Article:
Part of every newcomer’s social job is to watch and learn for a while to get a sense of the existing social network. This is a time to get to know people and their interests, because you may find much in common. Van Arlen notes that you may find ways to make yourself appealing and valuable to others. People in a “supporting clique” may turn out to share the same interest in music that you do, and you might have some concert tickets to share. You may have some business or technical knowledge that piques the interest of an “igniter clique.”

These are just a few of the ways to ingratiate yourself with a group by giving it something of value—putting “the principle of reciprocity to work,” in Shore’s words. Shore has other advice along these lines:

  • Show respect to the group (and don’t complain about being left out).
  • Identify common work-related goals as well as personal interests.
  • “Give to give.” That  is, don’t just do things to get something in return, she says, but “do as many good things that you can for the workplace.” In that way, says Shore, “you will have built your reputation as a good and generous person.”

Painful as it may be, a little self-analysis also may be in order. If you’re ostracized, it may not entirely be the fault of others. “People hang around with people with whom they feel comfortable and trust,” says Shore. “If you complain, people don’t like being with you, if you gossip, people don’t trust you.” In other words, don’t expect to be part of a social network if you can’t be sociable. 

By Tom Gray
Source: Marlene Chism (ICARE Presentations, Springfield, Mo.), Robert Van Arlen (Robert Van Arlen LLC, Phoenix, Ariz.), Jean Houston Shore (Business Resource Group, Roswell, Ga.)

Summary

  • Toxic cliques take exclusivity to a harmful extreme.
  • Healthy cliques can be supportive and ignite ideas.
  • To join a healthy clique, show respect, identify common interests, and give something of value.

Feeling left out? If so, you’re likely to be dealing with a near-universal reality of workplaces: cliques.

Small, tightly-knit groups of friends can form anywhere. They’re a natural part of social interaction. They form in work environments as well, but there they can be problematic. They can forge bonds that are healthy and a positive force for productivity. Or they can turn toxic. When they do, the employees who are left out may be the ones hurt most directly, but the whole organization can eventually suffer as well.

Signs of a toxic clique

Experts advise being on the lookout for behavior that takes exclusivity to a harmful extreme, such as bullying, discrimination, or the withholding of information that people need to do their jobs.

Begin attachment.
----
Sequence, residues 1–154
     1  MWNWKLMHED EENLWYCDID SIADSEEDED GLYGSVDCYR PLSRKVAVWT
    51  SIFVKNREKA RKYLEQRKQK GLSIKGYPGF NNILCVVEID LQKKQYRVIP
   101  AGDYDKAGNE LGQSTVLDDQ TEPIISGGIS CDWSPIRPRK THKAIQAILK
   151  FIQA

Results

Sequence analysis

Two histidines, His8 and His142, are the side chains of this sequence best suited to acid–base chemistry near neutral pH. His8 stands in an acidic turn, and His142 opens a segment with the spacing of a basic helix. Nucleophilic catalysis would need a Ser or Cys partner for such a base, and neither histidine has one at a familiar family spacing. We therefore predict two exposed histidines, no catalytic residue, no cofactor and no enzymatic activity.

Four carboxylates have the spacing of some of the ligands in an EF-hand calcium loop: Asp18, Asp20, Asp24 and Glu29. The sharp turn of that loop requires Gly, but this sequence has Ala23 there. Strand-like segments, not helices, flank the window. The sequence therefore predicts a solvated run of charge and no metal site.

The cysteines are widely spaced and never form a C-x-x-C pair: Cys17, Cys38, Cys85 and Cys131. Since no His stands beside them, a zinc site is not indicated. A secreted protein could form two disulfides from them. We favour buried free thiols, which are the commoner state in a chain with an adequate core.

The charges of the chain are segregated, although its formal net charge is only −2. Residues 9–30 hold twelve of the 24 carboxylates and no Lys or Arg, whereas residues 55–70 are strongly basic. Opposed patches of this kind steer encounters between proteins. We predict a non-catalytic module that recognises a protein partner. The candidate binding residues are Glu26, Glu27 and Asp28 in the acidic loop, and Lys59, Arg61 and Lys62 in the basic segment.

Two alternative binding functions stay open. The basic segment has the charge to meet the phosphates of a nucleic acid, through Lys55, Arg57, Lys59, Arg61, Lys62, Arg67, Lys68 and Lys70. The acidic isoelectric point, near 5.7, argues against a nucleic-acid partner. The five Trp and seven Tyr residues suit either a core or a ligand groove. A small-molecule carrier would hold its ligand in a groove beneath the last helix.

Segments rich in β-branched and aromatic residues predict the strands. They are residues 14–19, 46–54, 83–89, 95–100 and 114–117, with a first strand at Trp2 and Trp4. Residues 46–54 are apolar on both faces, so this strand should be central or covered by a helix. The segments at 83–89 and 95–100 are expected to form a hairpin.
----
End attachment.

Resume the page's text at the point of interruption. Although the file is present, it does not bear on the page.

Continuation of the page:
Corporate trainer and speaker Marlene Chism says cliques can do damage by creating a “tribal mentality” or blind spots toward outsiders. Management consultant Jean Houston Shore says cliques can sometimes poison relationships when one member has undue influence on others. “Let’s say A, B, and C have a strong relationship, and A has a problem with D,” says Shore. “B and C didn’t have a problem with D, but out of loyalty to A they do now.”

Robert Van Arlen, a consultant and motivational speaker, identifies “dragging cliques” as the problem. These are groups occupied by gossip and complaining—“just there to drag energy out of anybody,” says Van Arlen.

Cliques can do good

But there are good cliques, too. Van Arlen says “supporting cliques” form among people who share interests and values and give each other encouragement. These tend to be more focused on social interaction than on the work itself. But, he says they are a positive influence if they aren’t overly exclusive and if they don’t get in the way of work—by excessive partying, for instance.

Another type in his clique classification is the “igniter clique,” which is work-focused and attracts the “go-getters.” These are people who want to “take each other to the next level” of skill and knowledge important to the organization and to their careers. These tend to be constructive too, he says, as long as their goals are aligned with those of the larger team and its leadership.

Coping with a toxic clique

How you as an employee cope with cliques will depend on your own needs and the nature of the cliques. Not all people require the same degree of social interaction and bonding at work. Some meet their relationship needs mainly outside the workplace; others hope to make plenty of friends on the job. You should look at your own personality to see which type you are.